Book Trailers: Why Are They Still A Thing?


I’ve seen book trailers before, but the recent excitement and hype that has been created by the trailer for John Darnielle’s recently released second novel Universal Harvester (have a look for yourself Here) got me thinking about how necessary this unusual form of book advertising actually is.

Similar to their cinematic counterparts, film and TV show trailers, book trailers showcase a brief example of the novel in question, usually in the form of a reading, juxtaposed with various images and snippets of soundtrack designed to be provocative and both entice the reader and enlighten them on the tone and style of the book in question.

However, whilst film and TV shows are watched on television and in cinemas, books are primarily read, usually at home in privacy or in public, for example on trains where they are often used to avoid human interaction. Whilst the trailers for new films or shows can easily reach TV and cinema audiences, book trailers have a limited appeal and it must be difficult to reach the intended audience. After all, there are various, more effective, ways to publicise a new book; train station billboard adverts, blurbs inserted into the back pages of similar texts by the same publisher and even free extracts given away for free. Each of these methods is more conducive to targeting a reading audience and enticing them to seek out a new particular new book.

So why do publishers and authors continue to create book trailers? Well, for starters their success is easier to monitor. Click through rates and watch numbers are easy to harvest through service providers and website analytics, whereas finding out how many people actually read your extract or paid attention to the advert on the side of a bus is harder to accurately measure. In addition, the rise in popularity of audio books means that trailers can often hit two target markets at the same time, appealing to those who are looking to buy the book itself and those intent on listening to it, as most trailers for new books feature a section of the book read aloud in an attempt to offer a form of introduction to the work.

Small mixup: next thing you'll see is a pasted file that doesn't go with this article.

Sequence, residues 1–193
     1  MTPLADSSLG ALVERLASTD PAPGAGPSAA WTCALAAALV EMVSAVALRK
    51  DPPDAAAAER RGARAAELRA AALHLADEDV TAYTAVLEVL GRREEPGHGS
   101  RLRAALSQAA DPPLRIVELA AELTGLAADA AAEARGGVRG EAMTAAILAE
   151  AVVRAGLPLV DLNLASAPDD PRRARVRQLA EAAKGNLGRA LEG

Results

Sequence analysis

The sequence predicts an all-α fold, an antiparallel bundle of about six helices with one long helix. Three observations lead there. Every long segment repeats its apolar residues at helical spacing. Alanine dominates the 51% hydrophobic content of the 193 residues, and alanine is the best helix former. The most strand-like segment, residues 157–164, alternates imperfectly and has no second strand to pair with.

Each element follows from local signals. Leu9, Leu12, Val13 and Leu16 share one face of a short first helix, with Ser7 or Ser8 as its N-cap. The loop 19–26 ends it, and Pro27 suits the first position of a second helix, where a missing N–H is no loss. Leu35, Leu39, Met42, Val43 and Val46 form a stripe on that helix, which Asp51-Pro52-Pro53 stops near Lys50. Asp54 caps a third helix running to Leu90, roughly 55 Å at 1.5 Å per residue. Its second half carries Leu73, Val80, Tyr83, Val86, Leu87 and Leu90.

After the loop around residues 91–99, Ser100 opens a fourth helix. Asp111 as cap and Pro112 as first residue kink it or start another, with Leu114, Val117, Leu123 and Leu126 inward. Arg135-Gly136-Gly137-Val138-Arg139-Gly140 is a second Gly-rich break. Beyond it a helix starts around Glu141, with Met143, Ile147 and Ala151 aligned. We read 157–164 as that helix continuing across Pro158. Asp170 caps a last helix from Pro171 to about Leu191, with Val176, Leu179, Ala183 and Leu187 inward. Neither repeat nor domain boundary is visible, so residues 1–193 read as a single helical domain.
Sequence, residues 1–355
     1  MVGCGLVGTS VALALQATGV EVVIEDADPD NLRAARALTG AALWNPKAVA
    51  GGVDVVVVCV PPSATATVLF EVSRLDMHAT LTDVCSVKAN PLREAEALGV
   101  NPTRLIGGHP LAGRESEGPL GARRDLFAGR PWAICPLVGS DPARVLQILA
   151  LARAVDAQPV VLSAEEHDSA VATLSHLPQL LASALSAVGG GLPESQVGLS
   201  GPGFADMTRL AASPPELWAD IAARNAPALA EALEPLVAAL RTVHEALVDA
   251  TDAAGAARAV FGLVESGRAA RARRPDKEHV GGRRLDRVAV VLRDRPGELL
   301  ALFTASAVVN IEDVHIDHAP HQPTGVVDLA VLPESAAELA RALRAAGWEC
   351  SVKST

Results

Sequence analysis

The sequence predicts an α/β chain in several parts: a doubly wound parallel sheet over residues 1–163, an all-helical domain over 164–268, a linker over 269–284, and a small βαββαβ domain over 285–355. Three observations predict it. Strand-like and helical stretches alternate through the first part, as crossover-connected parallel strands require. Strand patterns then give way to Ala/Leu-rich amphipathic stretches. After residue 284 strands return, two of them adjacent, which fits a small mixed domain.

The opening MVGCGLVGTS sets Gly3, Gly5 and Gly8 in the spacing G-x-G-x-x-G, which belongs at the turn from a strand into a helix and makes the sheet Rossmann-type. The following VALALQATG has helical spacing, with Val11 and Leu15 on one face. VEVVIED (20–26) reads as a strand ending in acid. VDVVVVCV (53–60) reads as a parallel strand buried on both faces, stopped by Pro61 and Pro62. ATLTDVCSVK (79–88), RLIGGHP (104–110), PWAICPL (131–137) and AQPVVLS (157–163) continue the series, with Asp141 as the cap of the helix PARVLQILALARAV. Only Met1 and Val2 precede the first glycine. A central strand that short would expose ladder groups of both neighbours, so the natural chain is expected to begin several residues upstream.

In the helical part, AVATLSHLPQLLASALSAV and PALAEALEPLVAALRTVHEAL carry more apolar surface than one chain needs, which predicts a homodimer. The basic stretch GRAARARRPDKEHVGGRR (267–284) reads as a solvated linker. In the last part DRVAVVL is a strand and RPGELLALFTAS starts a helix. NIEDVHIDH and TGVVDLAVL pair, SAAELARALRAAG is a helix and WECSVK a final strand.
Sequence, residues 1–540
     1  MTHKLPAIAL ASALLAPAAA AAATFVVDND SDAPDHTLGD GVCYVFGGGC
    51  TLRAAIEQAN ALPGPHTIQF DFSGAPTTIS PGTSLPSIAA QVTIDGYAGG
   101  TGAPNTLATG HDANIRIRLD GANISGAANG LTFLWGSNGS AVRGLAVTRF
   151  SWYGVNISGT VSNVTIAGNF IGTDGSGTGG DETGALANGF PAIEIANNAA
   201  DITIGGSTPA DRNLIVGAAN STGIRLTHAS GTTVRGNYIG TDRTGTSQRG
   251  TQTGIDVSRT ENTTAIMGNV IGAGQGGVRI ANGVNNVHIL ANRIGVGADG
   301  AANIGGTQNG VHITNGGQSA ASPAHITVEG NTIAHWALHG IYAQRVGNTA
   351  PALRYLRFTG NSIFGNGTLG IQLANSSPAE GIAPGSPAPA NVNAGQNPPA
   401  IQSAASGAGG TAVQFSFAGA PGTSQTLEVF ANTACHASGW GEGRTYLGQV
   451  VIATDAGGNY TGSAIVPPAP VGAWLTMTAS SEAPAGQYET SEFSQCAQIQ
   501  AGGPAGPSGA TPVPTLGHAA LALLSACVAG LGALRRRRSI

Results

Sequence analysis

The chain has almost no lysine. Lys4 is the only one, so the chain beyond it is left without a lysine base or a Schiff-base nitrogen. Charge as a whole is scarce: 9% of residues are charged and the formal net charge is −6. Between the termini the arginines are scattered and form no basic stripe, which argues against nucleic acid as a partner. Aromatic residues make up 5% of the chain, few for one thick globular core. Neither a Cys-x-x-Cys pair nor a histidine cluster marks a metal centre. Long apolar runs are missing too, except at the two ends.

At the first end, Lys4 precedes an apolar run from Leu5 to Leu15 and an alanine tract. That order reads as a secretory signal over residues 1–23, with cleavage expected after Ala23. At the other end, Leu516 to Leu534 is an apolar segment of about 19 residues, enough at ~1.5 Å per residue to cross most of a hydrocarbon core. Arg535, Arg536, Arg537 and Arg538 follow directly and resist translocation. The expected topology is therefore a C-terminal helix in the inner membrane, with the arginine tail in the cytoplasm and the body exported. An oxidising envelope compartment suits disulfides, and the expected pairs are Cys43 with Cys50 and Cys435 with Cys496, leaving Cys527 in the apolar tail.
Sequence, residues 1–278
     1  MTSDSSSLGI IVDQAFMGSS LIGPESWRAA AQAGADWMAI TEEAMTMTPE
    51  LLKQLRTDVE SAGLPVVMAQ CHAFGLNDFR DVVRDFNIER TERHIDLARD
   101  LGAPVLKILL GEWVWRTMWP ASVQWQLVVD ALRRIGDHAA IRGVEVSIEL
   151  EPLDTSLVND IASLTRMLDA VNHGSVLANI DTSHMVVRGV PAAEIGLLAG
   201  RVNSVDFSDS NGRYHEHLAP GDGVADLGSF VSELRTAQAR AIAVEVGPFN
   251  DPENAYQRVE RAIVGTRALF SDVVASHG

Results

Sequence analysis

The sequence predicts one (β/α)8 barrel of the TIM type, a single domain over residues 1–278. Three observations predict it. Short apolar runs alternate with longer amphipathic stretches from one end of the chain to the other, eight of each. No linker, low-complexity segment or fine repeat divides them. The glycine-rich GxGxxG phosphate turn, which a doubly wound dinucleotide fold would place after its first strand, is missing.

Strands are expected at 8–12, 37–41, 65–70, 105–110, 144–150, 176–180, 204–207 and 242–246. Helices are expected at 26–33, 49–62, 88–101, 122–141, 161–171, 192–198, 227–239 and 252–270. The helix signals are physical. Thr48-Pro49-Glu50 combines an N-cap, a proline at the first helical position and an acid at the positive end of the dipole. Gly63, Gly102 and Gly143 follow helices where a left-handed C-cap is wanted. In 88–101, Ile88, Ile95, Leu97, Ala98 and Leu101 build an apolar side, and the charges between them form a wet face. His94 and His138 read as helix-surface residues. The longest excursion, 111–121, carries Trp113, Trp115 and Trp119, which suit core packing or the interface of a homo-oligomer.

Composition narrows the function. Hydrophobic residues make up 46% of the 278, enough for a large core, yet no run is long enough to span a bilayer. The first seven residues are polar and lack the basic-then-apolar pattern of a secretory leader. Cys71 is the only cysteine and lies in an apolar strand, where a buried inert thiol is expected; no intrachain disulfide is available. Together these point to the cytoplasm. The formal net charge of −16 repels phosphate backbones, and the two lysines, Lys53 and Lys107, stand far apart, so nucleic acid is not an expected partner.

Also, within the literature market there remains a constant focus on matching and outdoing the film and TV industries. Publishers are constantly seeking to lure readers away from screens and cinemas with the latest craze or fad, such as Kindles, book trailers and weird riffs on literature festivals such as world book night or those book swaps that are sweeping social media.

All of this, in my humble opinion, is both unnecessary and just plain wrong. The market for reading materials will always be separate from that of films and television shows thanks to the marked difference between these two mediums. Whilst films and shows are easy habits that can be indulged both socially and alone, and require minimal skill but with instant gratification, the enjoyment of reading requires both a certain temperament, often honed through background, and the ability to read. Whilst many people have the minimum skills required to read books, a number of people simply lack the interest, and the solitary nature of the hobby means many people prefer to seek out others and watch films instead.

Within the reading market there are also a vast array of variations. Some don’t read for fun but read when something of interest appears, others are fanatical and will read anything and everything a certain author puts out. Whatever the situation, there is no right or wrong way to read (or not read). What matters is the fundamental differentiator between the two markets, and the fact that, therefore, visual marketing tools such as trailers are unnecessary and, frankly, odd for published books.

So, overall, it is my personal belief that book trailers are out-dated and pointless. Whilst I will watch them if someone else finds one on YouTube that they think is a must see, I do not actively seek them out, and I know few who do. I’d be interested in your thoughts on book trailers and whether you think they’re necessary or interesting. Are you a fan or do you think they’re pointless and a waste of money?

One thought on “Book Trailers: Why Are They Still A Thing?

  1. Pingback: Simon Maltman Interview: “Crime writing gives you something dramatic to hang whatever else you want to write about on to” – The Dorset Book Detective

Leave a Reply

Fill in your details below or click an icon to log in: Logo

You are commenting using your account. Log Out /  Change )

Twitter picture

You are commenting using your Twitter account. Log Out /  Change )

Facebook photo

You are commenting using your Facebook account. Log Out /  Change )

Connecting to %s